Tag Archives: terrorists

The only thing we know for certain is that we don’t know anything at all

jahar-hashtagIf there are any Wikipedia editors out there, I have a significant update for the John Wilkes Booth entry. I think he might have been innocent. Bear with me, I know I sound crazy. But I may have ‘proof’.

After the Twitter account of Boston Marathon bombing suspect Dzhokhar Tsarnaev (or Jahar) was publicised last weekend, I noticed some disturbing tweets. On March 11, 2012, at precisely 8:21am, he simply tweeted: “time travel”. Then, almost a year later, on February 13, 2013, he dramatically tweeted: “I killed Abe Lincoln during my two hour nap” (where “nap” can be taken to mean “adventure through the wormhole”). This blatant admission of guilt has since been retweeted over 260 times by various people across the world, including Twitter user @TheSecular, who added “hmmm” to their manual retweet, with all the narrow-eyed suspicion of someone who’d just stumbled across evidence of a time-travelling presidential assassination.

It’s worth noting that Jahar hashtagged his tweet with #intensedream, which should give him a legal loophole to jump through should it ever go to trial. Still, it’s comforting to know that the super-sleuths of Twitter are on the case following the tragic scenes in Boston the other week, forensically analysing every tweet he’s ever written.

Another online sleuth, going by the name of @Mr_GreedGH, quoted two of Jahar’s tweets for the benefit of his 2,000+ followers, adding that they strongly hinted at the terror attack that was to come. One tweet, originally posted in late March, said: “Being bilingual is da bomb” (my emphasis), while another, posted in early February, said: “I’m in the New York state of mind”. With such breathtaking investigative flair, I certainly hope the likes of Kris Kross and Billy Joel have ironclad alibis as to their whereabouts on April 15th. Nothing gets past these online Columbos.

Out of pure nosiness, I spent most of last Saturday reading through Jahar’s timeline. When I started reading, his account had just over 82,000 followers (up from around the 300 mark). By the time I arrived at his very first tweet (a laundry-based update from October 2011) he had over 90,000. If you visit his timeline now and refresh your page every few minutes, his follower count steadily continues to rise – just over a week since his arrest in Watertown, Massachusetts.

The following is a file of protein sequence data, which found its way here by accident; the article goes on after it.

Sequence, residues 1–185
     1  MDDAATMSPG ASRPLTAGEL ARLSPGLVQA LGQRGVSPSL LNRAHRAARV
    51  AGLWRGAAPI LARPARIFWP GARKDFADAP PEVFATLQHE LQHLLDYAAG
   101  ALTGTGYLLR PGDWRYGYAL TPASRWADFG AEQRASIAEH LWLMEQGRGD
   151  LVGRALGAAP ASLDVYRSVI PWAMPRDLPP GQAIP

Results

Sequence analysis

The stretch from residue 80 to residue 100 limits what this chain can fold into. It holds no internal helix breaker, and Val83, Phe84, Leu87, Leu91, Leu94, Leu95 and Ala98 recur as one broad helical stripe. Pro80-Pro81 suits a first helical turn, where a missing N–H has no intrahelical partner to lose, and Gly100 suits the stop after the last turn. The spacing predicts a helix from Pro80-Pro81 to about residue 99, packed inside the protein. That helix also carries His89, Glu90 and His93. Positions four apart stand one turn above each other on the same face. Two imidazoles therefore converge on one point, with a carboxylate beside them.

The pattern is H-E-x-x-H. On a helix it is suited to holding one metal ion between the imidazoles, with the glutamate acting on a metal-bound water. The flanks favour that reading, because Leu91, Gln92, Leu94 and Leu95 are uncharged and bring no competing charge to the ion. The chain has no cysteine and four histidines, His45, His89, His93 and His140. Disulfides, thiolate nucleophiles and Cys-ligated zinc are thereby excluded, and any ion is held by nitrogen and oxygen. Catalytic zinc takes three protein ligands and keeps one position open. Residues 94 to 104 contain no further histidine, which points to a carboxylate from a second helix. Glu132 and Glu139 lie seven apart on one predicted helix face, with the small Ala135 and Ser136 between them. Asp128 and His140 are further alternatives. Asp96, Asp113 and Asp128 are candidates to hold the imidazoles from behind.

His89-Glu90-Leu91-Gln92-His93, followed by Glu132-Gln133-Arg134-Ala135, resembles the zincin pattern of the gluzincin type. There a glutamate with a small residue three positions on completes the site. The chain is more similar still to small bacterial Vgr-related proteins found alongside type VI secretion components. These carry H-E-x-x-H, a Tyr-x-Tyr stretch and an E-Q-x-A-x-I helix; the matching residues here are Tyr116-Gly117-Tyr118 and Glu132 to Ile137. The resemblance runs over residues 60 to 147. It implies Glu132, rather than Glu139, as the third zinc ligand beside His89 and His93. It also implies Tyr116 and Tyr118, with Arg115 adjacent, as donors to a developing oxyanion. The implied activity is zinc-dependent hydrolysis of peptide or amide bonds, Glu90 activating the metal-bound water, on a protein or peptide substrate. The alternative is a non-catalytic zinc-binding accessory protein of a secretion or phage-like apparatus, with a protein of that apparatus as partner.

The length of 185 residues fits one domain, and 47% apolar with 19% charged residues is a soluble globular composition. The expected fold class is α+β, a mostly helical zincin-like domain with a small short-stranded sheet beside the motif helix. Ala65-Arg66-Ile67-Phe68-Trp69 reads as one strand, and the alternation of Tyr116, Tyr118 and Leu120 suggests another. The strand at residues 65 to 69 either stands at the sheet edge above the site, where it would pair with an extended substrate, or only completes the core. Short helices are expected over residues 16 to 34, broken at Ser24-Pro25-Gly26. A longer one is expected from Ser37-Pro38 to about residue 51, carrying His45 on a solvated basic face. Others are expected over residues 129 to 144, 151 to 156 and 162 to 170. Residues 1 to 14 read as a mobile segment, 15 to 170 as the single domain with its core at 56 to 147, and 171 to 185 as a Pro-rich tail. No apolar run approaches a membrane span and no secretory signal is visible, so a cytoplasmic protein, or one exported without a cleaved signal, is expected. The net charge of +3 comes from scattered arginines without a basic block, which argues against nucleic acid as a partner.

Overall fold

Since the bombings, Jahar’s Twitter timeline has become a forum for argument, rumour, abuse, seductive conspiracy theories and even messages of support, solidarity and declarations of awkward romantic feelings from fangirls. Aside from the aforementioned Twitter sleuths poring over Jahar’s timeline for the ‘smoking gun’ tweet that doesn’t seem to exist (e.g. “I did bombingz lol”), it’s developed into a straight fight between the #freejahar movement – who believe he’s been framed by the US government – and those who want to see him fry for the terrorist atrocity he stands accused of committing.

Twitter is basically the digital equivalent of standing outside a courthouse hurling impassioned abuse at a suspect being whisked away beneath a gunmetal-grey, prison-issue blanket. But instead of attempting to land a satisfying blow on the side of the police van as it whizzes past – sending a metallic-sounding thump and barrage of vitriol reverberating around the suspect’s dark soul – all you have to do nowadays is click a ‘follow’ button, post a cathartic, 140-character tweet to the suspect’s timeline (in response to something he probably wrote months ago), then head to the kitchen for a sandwich.

Given that Jahar is unlikely to be keeping track of his Twitter mentions from his prison cell, people’s responses to his tweets are less about genuine attempts to communicate with him and more about playing to the gallery and informing their Twitter peers  – for the avoidance of doubt – that they despise terrorism.